airspace from ground level to 4,000 feet above the airport elevation surrounding airports with an operational control tower and services by radar approach control, IFR operations, and commercial passenger traffic. Airspace extends from 5 NM radius (surface to 4,000 feet above airport elevation) to 10 NM radius from 1,200 to 4,000 feet. No pilot certification is required to operate in this airspace; however, clearance is required to enter and exit this airspace. A two-way radio and an operable radar beacon transponder with automatic altitude reporting equipment are required.
airspace from ground level to 2,500 feet above the airport elevation surrounding airports with an operational control tower. Notices to Airmen (NOTAM) identify any specific requirements for pilots to operate in this controlled airspace. A two-way radio is required to operate in this airspace.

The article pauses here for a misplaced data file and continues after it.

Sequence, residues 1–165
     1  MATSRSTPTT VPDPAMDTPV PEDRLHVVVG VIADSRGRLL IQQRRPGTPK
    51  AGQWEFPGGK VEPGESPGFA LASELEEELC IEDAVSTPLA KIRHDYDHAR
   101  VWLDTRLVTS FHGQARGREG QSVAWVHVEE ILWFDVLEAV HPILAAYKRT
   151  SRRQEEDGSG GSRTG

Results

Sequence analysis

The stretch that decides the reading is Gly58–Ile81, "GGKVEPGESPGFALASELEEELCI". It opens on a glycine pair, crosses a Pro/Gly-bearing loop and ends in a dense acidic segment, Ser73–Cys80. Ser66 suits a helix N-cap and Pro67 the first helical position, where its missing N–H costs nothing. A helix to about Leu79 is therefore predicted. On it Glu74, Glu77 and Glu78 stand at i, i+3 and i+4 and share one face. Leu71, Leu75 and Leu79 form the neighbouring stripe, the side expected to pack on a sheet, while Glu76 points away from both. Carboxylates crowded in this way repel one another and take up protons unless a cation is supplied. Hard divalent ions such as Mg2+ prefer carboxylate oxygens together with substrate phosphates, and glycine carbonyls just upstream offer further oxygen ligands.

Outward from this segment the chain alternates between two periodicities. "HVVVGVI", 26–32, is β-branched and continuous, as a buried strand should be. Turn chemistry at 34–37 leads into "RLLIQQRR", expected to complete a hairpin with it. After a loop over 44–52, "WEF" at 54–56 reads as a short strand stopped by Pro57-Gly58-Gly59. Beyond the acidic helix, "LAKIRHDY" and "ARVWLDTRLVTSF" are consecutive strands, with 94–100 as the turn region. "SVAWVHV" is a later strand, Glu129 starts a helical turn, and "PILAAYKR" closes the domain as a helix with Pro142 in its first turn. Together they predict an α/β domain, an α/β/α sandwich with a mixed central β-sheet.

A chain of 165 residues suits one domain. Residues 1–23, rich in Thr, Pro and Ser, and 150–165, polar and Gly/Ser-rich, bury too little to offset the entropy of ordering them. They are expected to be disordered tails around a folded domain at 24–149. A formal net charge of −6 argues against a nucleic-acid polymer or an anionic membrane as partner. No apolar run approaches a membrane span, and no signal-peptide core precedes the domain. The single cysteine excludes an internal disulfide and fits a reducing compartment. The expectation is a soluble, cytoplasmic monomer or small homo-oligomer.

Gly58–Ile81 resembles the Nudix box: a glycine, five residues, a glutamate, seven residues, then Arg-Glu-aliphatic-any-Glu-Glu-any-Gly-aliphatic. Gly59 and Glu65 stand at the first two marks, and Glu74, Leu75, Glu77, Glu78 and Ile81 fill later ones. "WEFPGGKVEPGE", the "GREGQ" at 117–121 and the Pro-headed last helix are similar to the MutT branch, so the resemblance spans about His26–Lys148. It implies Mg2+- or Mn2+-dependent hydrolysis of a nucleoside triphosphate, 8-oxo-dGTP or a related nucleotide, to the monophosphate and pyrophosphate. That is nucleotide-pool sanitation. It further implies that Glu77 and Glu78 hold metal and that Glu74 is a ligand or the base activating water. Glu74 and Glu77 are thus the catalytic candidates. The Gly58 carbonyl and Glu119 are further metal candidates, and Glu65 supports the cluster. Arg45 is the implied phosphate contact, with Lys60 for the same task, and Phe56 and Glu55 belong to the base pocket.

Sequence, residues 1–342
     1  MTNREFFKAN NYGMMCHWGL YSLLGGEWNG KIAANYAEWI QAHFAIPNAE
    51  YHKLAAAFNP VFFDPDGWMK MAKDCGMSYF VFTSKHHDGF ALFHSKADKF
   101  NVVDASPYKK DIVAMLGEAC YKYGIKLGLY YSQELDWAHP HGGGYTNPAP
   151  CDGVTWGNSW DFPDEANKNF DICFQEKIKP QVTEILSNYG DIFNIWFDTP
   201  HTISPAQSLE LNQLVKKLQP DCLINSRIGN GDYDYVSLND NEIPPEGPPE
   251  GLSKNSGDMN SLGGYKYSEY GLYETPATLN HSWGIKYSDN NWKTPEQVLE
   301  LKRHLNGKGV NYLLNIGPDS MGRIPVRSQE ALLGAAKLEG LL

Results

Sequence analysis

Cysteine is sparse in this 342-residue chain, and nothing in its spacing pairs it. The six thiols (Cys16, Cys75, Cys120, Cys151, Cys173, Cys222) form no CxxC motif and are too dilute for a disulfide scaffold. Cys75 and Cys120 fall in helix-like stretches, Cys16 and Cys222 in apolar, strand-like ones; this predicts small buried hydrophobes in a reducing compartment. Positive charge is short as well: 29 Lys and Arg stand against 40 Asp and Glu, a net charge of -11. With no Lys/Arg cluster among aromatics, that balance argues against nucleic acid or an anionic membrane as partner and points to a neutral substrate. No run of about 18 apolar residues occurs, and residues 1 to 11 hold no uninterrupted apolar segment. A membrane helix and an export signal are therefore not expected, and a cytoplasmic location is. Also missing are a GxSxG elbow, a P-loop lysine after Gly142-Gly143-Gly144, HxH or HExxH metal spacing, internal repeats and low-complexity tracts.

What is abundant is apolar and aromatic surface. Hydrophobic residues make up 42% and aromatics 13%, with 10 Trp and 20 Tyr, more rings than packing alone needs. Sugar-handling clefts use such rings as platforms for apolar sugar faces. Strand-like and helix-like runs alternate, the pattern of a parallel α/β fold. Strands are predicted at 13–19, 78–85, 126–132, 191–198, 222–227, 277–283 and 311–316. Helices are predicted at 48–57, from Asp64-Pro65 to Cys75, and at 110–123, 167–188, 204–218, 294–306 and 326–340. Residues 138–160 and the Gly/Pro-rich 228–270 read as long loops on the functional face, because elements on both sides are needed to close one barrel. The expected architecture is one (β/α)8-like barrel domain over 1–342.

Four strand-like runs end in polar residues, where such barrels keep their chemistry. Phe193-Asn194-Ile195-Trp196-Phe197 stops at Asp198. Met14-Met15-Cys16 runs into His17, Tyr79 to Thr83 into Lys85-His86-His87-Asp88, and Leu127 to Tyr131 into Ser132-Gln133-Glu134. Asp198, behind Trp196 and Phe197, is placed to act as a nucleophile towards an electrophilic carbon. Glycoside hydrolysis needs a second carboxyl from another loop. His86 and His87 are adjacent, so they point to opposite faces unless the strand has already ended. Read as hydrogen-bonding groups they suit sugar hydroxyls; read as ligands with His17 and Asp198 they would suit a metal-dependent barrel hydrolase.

any controlled airspace not included in class A through D. Special VFR operations are permitted with prior clearance obtained by the controlling facility. Class E airspace is distinguished on sectional charts in blue or magenta, and white on low altitude en route charts. No specific pilot or equipment requirement exists.
uncontrolled airspace with visibility requirements of 1 mile during the day and 3 miles at night. This airspace is valid for altitudes 1,200 feet AGL to 10,000 feet MSL. Above 10,000 feet, 5 miles of visibility is required day or night. Class G airspace is identified on sectional maps by a faded, thick blue line
Classes A and B
the ATC controller must verbally grant clearance. Acknowledgement of the aircraft call sign is not considered an established communication
Classes C and D